We strongly believe that a fuel surcharge should not be a profit center, or a sneaky way to impose hidden costs on customers.
Throughout most of our history, CDC did not even assess a fuel surcharge. A few years ago, when gas prices began escalating at a rate far exceeding inflation, we reluctantly decided to join our suppliers and industry peers in adding a fuel surcharge to each invoice. Unfortunately, as a distribution company with over 90 delivery trucks and service vans on the road each day, fuel is a significant cost of business.
However, we went about our surcharge in a unique way. Rather than use a fixed charge, we are upfront about the fact that our fuel surcharge will vary directly with our current fuel costs — both up and down. Should diesel and gas prices fall low enough, the fuel surcharge would even be eliminated entirely. Since we implemented our fuel surcharge, it has varied as low as $0.50 per invoice, and as high as $3.50 per invoice (during the Summer 2008 fuel price spike).
Recently, fuel prices have been on the rise again, and we have just adjusted our surcharge to $1.50 per invoice, as highlighted on the below chart:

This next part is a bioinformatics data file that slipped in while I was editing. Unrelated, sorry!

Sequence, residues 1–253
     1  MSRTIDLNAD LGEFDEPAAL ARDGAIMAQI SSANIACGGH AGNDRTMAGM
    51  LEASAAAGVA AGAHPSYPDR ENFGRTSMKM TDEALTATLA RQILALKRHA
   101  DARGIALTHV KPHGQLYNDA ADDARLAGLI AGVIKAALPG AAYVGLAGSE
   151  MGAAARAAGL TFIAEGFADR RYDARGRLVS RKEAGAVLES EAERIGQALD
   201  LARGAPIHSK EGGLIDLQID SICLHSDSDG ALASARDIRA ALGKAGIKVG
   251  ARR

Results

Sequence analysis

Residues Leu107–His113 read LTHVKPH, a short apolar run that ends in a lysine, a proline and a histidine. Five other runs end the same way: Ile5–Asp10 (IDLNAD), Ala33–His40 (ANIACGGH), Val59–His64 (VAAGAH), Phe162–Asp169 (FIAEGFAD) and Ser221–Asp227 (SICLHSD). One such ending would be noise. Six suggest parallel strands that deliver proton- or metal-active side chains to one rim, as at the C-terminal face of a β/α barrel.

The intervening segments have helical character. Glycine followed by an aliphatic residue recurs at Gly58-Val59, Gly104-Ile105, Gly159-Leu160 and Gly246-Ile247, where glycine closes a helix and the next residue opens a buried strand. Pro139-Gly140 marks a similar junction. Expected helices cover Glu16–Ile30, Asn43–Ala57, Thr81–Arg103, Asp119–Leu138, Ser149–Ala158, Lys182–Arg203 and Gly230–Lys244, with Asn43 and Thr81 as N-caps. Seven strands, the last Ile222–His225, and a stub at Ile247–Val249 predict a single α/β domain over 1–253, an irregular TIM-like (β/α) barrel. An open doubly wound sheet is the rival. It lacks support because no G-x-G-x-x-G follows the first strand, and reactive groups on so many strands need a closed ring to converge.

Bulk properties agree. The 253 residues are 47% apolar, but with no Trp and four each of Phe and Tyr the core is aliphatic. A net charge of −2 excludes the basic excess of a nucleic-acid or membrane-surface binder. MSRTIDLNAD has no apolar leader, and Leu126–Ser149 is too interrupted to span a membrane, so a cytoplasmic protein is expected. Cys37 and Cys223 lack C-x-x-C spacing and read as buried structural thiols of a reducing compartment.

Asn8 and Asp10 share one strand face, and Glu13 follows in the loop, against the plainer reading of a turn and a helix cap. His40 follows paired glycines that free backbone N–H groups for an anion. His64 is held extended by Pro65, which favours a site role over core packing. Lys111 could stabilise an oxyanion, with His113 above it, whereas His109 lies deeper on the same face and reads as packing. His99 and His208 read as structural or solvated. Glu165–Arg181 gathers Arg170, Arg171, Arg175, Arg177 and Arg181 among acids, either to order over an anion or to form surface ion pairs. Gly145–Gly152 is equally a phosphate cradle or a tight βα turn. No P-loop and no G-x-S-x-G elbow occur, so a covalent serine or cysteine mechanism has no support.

Our “Fuel Cost” represents a mix of gas and diesel prices in the vicinity of our Garden City Park, NY warehouse. It is common for companies to raise fuel surcharges as their costs increase, but at Coffee Distributing Corp. we think it’s only fair to automatically pass along our savings to our customers when fuel costs come back down.
UPDATE 3/7/2011: For transparency, we will base our “average fuel cost” on the Department of Energy’s published Petroleum Administration for Defense District (PADD) data for the East Coast – New England Region, taking an average of the posted regular gasoline and diesel prices.